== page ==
If you have ivory keys, they really don’t have much value because of the legality issues. If your piano has ivory keys, it is important that you have CITES paperwork that proves what type of animal and scientific name of the animal used, as well as age, what date and what manufacturer was used in production. You can request a permit directly from the US Fish and Game Department if you plan on selling, or will be moving across state lines. If you can’t prove it, your piano could face a fine or confiscation by the US Fish and Game Department.

If you are debating about the best way to approach restoration, you have two options. If your keys are in good shape and you have the proper paperwork, they can remain intact. If they need to be replaced, we can replace them with simulated ivory or plastic key covers that provide you with a new look and feel to your treasured piano.

Have more questions? We would be happy to answer all of them, and show you how your antique piano can become a beautiful addition to your home once more.

Piano Restoration, Rebuilding and Reconditioning: Know What You Are Getting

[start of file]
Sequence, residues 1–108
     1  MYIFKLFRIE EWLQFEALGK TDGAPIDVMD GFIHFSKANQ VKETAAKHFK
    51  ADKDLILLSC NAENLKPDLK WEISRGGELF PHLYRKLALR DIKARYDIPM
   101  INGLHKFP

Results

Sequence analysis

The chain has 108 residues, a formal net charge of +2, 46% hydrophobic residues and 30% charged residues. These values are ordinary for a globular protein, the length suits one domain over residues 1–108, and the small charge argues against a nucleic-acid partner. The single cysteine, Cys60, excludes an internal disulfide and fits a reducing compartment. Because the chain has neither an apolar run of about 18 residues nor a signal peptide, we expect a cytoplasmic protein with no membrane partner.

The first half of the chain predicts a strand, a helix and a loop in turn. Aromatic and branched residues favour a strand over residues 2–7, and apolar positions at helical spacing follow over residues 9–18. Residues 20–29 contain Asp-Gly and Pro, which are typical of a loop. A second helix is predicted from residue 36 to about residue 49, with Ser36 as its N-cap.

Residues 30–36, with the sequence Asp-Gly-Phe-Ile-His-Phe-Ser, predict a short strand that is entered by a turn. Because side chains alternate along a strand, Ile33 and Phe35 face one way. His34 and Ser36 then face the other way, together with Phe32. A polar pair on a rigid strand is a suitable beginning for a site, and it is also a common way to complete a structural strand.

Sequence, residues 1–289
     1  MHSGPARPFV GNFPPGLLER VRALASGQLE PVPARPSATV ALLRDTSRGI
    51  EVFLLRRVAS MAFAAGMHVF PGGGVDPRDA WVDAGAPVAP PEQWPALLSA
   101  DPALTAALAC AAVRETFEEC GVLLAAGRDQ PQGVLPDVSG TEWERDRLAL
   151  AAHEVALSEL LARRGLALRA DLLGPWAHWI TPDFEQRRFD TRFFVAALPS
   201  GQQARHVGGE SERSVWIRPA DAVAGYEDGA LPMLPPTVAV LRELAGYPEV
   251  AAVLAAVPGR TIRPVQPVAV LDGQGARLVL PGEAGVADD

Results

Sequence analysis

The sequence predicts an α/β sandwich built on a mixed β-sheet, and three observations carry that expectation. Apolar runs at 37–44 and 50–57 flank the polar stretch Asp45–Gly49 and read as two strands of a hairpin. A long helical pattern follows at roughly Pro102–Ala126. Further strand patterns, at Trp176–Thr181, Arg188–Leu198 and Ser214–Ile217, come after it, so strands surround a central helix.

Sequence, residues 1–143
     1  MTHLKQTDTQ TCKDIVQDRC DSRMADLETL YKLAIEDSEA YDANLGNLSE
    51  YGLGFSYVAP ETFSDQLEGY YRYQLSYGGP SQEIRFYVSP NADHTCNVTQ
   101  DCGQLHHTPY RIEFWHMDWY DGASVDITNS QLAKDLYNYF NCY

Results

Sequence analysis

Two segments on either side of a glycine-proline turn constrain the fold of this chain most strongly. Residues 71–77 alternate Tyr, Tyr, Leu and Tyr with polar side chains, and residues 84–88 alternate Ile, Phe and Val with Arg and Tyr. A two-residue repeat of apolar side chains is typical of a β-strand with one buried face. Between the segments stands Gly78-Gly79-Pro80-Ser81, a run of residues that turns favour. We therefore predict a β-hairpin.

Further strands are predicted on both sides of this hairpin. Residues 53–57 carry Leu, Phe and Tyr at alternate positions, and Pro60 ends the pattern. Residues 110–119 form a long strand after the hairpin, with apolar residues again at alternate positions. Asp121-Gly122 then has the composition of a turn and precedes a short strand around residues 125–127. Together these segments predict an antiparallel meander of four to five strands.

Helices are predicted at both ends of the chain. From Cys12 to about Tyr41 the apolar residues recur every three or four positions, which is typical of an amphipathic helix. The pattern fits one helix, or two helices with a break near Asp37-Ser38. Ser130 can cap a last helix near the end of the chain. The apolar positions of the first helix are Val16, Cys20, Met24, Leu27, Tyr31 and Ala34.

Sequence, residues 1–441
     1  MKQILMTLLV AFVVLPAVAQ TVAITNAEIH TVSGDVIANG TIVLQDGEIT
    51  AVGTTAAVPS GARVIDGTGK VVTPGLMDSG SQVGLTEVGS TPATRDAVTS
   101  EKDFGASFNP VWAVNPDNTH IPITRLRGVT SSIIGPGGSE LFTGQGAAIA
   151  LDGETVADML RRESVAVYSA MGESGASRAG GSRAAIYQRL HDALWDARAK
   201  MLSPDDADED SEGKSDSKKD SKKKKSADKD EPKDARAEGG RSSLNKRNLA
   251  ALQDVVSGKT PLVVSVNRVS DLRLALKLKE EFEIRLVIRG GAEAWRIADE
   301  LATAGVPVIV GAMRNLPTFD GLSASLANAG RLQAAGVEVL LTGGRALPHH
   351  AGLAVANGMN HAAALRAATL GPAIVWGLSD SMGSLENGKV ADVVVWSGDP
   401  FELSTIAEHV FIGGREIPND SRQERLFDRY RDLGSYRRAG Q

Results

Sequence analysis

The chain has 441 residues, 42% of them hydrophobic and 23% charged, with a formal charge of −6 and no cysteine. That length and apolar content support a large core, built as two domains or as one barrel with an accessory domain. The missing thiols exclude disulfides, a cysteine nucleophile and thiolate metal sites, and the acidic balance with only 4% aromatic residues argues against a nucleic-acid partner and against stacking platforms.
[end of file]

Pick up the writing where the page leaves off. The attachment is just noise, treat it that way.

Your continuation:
Piano Restoration, Rebuilding and Reconditioning: Know What You Are Getting

Maybe your piano hasn’t been serviced in years. Maybe you’ve inherited your piano from a friend and you simply don’t know what condition its in. Is it worth saving? Is it worth investing the time and money necessary to bring it back to good working condition?

Piano Restoration, Rebuilding and Reconditioning: Know What You Are GettingIn the piano restoration world, the term “restoration” means a lot of things to different people. And just like every industry, “reputable” isn’t always in a persons vocabulary either, even though they are promoting themselves as a piano servicing company.